After the talking bit we split the kids into 2 groups. One group looked at plates of bacteria that we had grown before coming to the lab. We had swabs taken from inside shoes, a piece of hair, cheek swabs, plant water, computer keyboard and lots of other common places. Each plate grew a lot of bacteria, which is kind of gross if you think about it, but bacteria are all around us! The station I was manning was teaching them how to make the plates. I explained how we grow bacteria in the lab and then sent them around the library armed with swabs to set up their own plates to see what grew. One group of boys went to the bathroom and swabbed inside the urinal . . . gross! We brought the plates back to the lab to grow for them, and then will send pictures back to the class.

During all this I was secretly “contaminated” with a glowing (not harmful) germ. It was all over my hands and on the water tube, and could be spread by touching surfaces. You could only see if with UV light, so we checked all the kids after to see who got my “germs”. Almost all the kids had some glowing spots on their hands. With the grade 4/5 class they wanted to keep shaking my hands to see if they could get infected. It was a really effective way to illustrate how easy a cold could spread, and that you need to wash your hands.

It was a lot of fun going to the school, and the kids seemed to enjoy it. Yay Immunology!


"Bugs" and Drugs

While I was Twittering away I came across this cool articles about drug resistant bacteria from National Geographic Articles about drug-resistant bacteria are fairly common, and we’ve all been told don’t overuse antibiotics because you’ll create a “superbug” that will be resistant to all available antibiotics. In fact, there are some isolated cases that suggest this is already happening for TB, and antibiotics not used properly have taken the blame.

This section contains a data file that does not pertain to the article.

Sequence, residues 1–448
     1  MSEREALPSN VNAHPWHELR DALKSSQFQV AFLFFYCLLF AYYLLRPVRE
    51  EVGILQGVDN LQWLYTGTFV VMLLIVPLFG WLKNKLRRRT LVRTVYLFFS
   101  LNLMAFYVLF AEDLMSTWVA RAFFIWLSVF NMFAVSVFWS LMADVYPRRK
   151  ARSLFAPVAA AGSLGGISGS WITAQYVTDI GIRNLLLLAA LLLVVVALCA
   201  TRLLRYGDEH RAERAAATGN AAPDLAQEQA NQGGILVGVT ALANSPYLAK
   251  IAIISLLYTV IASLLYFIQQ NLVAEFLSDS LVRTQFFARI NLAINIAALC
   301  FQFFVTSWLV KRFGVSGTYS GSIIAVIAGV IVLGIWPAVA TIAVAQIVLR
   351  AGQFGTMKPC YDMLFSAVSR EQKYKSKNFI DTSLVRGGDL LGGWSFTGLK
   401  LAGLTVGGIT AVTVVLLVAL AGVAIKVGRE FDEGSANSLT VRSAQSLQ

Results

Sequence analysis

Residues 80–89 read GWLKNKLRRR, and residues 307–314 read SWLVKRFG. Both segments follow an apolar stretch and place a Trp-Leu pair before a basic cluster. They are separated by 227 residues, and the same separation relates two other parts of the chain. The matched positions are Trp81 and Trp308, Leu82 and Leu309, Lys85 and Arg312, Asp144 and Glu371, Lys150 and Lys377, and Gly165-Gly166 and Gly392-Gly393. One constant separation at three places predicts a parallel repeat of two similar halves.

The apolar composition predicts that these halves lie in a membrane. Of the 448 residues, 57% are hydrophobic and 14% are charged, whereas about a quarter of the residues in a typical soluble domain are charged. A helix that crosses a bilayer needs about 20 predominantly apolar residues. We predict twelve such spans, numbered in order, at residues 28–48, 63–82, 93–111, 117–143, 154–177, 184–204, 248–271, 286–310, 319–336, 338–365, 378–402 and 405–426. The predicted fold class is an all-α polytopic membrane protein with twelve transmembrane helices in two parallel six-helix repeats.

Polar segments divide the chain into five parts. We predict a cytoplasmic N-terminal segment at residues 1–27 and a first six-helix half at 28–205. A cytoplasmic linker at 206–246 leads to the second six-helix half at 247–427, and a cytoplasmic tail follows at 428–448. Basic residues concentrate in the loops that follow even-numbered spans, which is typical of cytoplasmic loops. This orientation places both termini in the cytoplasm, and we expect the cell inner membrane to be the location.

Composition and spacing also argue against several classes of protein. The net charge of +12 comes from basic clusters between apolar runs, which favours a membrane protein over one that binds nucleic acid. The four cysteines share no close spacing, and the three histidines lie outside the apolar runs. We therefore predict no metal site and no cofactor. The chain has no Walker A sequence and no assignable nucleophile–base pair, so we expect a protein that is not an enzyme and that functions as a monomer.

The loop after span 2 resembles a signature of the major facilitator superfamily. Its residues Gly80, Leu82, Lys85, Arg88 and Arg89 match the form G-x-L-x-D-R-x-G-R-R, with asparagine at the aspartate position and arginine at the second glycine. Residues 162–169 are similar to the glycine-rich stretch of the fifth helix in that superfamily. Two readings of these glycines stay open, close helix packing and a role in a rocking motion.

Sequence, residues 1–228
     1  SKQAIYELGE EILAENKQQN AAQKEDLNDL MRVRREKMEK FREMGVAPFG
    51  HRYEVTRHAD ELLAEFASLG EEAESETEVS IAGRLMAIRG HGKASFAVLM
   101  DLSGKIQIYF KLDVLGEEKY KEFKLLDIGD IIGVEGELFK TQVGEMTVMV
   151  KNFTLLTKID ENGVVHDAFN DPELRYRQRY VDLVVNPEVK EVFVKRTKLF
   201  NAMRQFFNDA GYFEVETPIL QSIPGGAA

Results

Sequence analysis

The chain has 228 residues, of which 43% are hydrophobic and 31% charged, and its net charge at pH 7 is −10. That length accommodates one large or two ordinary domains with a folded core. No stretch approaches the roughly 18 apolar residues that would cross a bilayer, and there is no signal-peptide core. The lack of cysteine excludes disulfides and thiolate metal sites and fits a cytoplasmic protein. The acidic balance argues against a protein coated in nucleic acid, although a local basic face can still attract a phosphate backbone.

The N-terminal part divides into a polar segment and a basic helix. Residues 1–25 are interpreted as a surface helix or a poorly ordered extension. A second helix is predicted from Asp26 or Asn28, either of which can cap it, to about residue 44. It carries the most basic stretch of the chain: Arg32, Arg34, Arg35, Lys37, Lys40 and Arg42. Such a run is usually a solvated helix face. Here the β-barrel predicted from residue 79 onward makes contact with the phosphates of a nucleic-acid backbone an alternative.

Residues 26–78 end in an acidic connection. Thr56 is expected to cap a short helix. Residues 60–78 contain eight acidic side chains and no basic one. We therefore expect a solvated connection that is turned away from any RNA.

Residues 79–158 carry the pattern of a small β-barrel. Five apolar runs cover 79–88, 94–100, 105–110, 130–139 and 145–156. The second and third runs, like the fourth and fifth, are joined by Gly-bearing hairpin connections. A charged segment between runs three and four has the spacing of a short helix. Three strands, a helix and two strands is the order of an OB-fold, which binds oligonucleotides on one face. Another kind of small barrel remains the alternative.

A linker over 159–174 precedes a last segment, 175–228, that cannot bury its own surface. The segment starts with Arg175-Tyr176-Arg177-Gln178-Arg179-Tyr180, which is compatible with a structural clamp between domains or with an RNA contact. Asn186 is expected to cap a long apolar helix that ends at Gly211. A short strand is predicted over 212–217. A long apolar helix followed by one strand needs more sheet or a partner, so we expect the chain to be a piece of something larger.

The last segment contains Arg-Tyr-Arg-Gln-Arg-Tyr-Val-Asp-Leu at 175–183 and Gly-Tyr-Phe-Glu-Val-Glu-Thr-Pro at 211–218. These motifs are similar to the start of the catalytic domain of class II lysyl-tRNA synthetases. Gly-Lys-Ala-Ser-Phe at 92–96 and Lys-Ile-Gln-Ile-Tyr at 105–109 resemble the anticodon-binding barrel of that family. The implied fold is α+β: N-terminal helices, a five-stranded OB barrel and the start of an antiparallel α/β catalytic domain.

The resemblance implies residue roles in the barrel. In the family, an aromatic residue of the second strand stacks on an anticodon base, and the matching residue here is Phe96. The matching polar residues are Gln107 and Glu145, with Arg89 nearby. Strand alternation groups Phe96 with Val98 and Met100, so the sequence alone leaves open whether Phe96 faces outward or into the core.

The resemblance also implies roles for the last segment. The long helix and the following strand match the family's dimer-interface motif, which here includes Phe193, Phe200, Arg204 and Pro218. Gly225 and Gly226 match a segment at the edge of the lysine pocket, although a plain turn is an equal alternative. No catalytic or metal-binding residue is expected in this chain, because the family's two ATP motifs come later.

This article could change all that. Microbiologists have found close to 100 types of bacteria that are resistant to modern antibiotics in the Lechuguilla cave system in New Mexico. What is really interesting is that this cave has been completely isolated from humans – a thick dome of rock isolated the cave 4-7 million years ago. The cave was untouched until cavers unveiled it in 1986. Entrance to the cave is strictly restricted, but microbiologist Hazel Barton and her team have been in the cave to sample microbial life. The samples were sent to Gerry Wright at McMaster (Yay Mac!) and tested for signs of antibiotic resistance. The Wright lab was able to grow 93 types of bacteria for testing, and 70% of the bacteria were resistant to 3-4 classes of antibiotics! This is amazing because it suggests that the bacteria naturally have resistance to antibiotics, and the medicinal use of antibiotics hasn’t created the resistance that’s seen now. These bacteria have never “seen” the antibiotics we use. It may be possible that other bacteria that hasn’t been isolated from humans also naturally contained antibiotic resistance, which they passed to pathogenic bacteria. Bacteria that are growing nearby are able to undergo conjugation, which is an exchange of non-essential DNA called plasmids. These plasmids usually contain DNA that codes for antibiotic resistance. Bacteria that were already antibiotic resistance could have given their plasmids to pathogenic bacteria, making them antibiotic resistant too.